She eventually gave birth to North about six weeks early after labor was induced.
Beyonce also experienced the condition while pregnant with her twins, Rumi and Sir, who are both now five years old.
She said at the time that she suffered from significant swelling and was on bed rest for a month before the twins were delivered via emergency C-section.
Preeclampsia is when a mother has high blood pressure and/or high protein levels in the urine, which indicate kidney damage.
It usually begins in the 20th week of pregnancy, with the only cure being to deliver the baby.
Symptoms include nausea and vomiting, headache, upper right abdominal pain, and a general feeling of being sick or unwell.
Bed rest is recommended for most mothers who suffer from it to lower their blood pressure.
In more severe cases, they may also be hospitalized for monitoring until their baby is ready to be born.
Eclampsia can also occur if the mother has seizures or goes into a coma.
This can develop without warning, although early warning signs include severe headaches, vision problems, and mental confusion.
Studies show that about 1 in 25 pregnant women in the United States will develop preeclampsia.
WHAT IS PREECLAMPIA?
Preeclampsia is a pregnancy complication that causes high blood pressure, which if left untreated can be fatal to both a woman and her unborn child.
It usually starts after the 20th week of pregnancy in women whose blood pressure is usually normal.
The most effective treatment is premature birth; usually by cesarean section.
However, this may not be the best for the baby if it is in the early stages of pregnancy.
Preeclampsia affects approximately 25,000 women in England and Wales and four percent of pregnancies in the United States each year.
It may have no symptoms if it develops gradually rather than appearing suddenly.
A blood pressure reading above 140/90 millimeters of mercury (mm Hg) on two occasions is usually the first sign.
Other symptoms can include:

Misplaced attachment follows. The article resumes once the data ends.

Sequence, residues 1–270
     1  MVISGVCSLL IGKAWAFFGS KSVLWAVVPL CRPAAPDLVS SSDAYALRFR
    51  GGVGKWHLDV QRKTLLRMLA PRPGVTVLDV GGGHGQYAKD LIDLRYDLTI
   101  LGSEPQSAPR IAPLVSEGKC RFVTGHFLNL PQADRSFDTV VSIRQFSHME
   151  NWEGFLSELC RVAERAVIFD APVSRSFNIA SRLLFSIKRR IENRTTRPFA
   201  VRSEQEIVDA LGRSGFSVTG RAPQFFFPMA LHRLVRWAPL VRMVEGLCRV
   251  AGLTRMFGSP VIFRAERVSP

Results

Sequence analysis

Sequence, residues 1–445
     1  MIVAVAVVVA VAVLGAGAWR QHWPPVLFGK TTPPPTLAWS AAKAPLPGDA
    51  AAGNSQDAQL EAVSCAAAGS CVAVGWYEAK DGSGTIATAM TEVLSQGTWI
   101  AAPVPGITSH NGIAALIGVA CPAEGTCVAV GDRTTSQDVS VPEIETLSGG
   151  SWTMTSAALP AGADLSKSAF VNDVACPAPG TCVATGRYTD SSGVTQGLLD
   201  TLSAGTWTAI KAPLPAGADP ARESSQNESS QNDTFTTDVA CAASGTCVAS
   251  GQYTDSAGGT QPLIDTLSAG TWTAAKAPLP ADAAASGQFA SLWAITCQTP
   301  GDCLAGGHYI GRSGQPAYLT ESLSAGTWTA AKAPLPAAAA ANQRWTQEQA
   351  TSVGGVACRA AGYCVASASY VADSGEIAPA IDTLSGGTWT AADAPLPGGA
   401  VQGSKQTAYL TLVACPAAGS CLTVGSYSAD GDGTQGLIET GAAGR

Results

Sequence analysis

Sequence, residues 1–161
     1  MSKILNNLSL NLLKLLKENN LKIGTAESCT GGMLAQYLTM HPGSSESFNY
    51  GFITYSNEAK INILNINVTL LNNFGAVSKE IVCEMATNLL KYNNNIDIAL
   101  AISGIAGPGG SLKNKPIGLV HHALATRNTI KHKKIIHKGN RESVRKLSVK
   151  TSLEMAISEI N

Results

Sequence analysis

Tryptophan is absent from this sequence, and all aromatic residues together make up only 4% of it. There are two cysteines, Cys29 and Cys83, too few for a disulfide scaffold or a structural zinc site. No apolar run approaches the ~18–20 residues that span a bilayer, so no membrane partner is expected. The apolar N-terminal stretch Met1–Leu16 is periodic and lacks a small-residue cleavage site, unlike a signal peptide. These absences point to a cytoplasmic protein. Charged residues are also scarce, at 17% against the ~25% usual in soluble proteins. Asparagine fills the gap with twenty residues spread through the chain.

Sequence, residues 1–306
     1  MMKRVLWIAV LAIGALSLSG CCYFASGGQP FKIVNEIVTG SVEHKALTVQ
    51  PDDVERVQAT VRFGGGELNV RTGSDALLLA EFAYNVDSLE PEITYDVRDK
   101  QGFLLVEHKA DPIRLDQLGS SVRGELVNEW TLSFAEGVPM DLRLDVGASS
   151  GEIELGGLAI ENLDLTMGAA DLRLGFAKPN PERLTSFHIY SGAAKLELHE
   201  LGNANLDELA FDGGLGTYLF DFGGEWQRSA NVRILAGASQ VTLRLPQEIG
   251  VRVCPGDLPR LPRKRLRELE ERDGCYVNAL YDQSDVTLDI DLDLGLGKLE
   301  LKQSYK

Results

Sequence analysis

- Strong headache
- Blurred vision, temporary vision loss, or sensitivity to light
- Pain in the upper abdomen, especially under the ribs on the right side
- nausea or vomiting
- Reduced urination
- Shortness of breath due to fluid buildup in the lungs
Sudden weight gain and swelling of the face and hands are also symptoms, but they can occur during a normal pregnancy.
Preeclampsia is thought to start in the placenta when its blood vessels narrow and don’t respond properly to hormones.
This reduces the amount of blood flowing through them.
The underlying cause may be genetic, due to a problem with a woman’s immune system, or existing damage to blood vessels.
A woman is at greater risk if she or a member of her family has previously had preeclampsia.
The risk is also highest during the first pregnancy and when a woman is over 40 years old; overweight; Black; have a multiple birth, like twins; or conceived via IVF.
Existing conditions such as high blood pressure, diabetes, migraines and kidney disease also increase the risk.
If left untreated, preeclampsia can stun a baby’s growth or lead to premature birth.
The placenta can also detach from the uterine wall, which can lead to heavy bleeding.
As a result of untreated preeclampsia, a woman can also experience seizures, organ damage, and even heart disease.
Although treatment usually induces labor, if it is too soon for the baby to be born, medication may be prescribed to lower a woman’s blood pressure.
There is no clear advice on how to prevent preeclampsia, but research suggests that taking a low dose of aspirin and calcium supplements may help.
Pregnant women should consult their doctor before taking any medication or supplements.
Source: Mayo Clinic